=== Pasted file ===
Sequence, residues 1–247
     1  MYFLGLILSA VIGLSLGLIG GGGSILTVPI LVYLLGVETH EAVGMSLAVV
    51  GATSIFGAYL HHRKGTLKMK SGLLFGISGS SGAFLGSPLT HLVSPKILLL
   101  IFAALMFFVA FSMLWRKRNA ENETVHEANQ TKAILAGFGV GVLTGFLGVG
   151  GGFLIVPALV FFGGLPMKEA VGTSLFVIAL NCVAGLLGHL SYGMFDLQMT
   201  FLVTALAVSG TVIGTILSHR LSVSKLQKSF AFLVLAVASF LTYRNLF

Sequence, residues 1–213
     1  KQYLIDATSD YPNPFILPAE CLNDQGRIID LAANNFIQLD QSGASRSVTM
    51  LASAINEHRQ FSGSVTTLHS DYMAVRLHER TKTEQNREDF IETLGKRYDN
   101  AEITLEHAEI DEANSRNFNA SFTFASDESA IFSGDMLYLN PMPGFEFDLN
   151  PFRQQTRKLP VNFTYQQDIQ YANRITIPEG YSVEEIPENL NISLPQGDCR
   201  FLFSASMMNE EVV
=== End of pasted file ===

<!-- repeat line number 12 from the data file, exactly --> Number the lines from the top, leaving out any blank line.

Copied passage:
   201  FLFSASMMNE EVV